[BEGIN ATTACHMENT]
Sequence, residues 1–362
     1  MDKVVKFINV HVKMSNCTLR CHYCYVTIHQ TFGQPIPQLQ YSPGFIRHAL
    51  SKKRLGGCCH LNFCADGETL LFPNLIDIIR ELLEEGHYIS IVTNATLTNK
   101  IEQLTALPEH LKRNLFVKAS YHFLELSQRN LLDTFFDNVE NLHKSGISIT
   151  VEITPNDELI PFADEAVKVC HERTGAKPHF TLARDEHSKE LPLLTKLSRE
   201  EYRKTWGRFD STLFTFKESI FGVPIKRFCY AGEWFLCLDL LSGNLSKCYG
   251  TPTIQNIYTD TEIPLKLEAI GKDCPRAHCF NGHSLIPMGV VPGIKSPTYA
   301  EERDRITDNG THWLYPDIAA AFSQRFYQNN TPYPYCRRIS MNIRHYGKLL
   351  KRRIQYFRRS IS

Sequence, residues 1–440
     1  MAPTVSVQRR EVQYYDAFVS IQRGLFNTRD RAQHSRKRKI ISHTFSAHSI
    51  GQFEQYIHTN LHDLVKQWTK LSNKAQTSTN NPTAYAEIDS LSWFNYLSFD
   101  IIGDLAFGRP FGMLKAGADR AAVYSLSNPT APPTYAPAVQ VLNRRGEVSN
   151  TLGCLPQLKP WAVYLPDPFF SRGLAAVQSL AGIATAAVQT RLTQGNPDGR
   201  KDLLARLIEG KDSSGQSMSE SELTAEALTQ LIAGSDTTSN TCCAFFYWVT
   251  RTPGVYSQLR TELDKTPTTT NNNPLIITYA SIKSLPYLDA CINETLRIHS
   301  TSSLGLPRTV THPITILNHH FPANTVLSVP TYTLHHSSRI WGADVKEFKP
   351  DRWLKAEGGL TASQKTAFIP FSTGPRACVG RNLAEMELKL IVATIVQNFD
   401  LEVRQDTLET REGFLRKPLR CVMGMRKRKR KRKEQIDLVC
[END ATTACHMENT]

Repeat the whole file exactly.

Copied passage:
Sequence, residues 1–362
     1  MDKVVKFINV HVKMSNCTLR CHYCYVTIHQ TFGQPIPQLQ YSPGFIRHAL
    51  SKKRLGGCCH LNFCADGETL LFPNLIDIIR ELLEEGHYIS IVTNATLTNK
   101  IEQLTALPEH LKRNLFVKAS YHFLELSQRN LLDTFFDNVE NLHKSGISIT
   151  VEITPNDELI PFADEAVKVC HERTGAKPHF TLARDEHSKE LPLLTKLSRE
   201  EYRKTWGRFD STLFTFKESI FGVPIKRFCY AGEWFLCLDL LSGNLSKCYG
   251  TPTIQNIYTD TEIPLKLEAI GKDCPRAHCF NGHSLIPMGV VPGIKSPTYA
   301  EERDRITDNG THWLYPDIAA AFSQRFYQNN TPYPYCRRIS MNIRHYGKLL
   351  KRRIQYFRRS IS

Sequence, residues 1–440
     1  MAPTVSVQRR EVQYYDAFVS IQRGLFNTRD RAQHSRKRKI ISHTFSAHSI
    51  GQFEQYIHTN LHDLVKQWTK LSNKAQTSTN NPTAYAEIDS LSWFNYLSFD
   101  IIGDLAFGRP FGMLKAGADR AAVYSLSNPT APPTYAPAVQ VLNRRGEVSN
   151  TLGCLPQLKP WAVYLPDPFF SRGLAAVQSL AGIATAAVQT RLTQGNPDGR
   201  KDLLARLIEG KDSSGQSMSE SELTAEALTQ LIAGSDTTSN TCCAFFYWVT
   251  RTPGVYSQLR TELDKTPTTT NNNPLIITYA SIKSLPYLDA CINETLRIHS
   301  TSSLGLPRTV THPITILNHH FPANTVLSVP TYTLHHSSRI WGADVKEFKP
   351  DRWLKAEGGL TASQKTAFIP FSTGPRACVG RNLAEMELKL IVATIVQNFD
   401  LEVRQDTLET REGFLRKPLR CVMGMRKRKR KRKEQIDLVC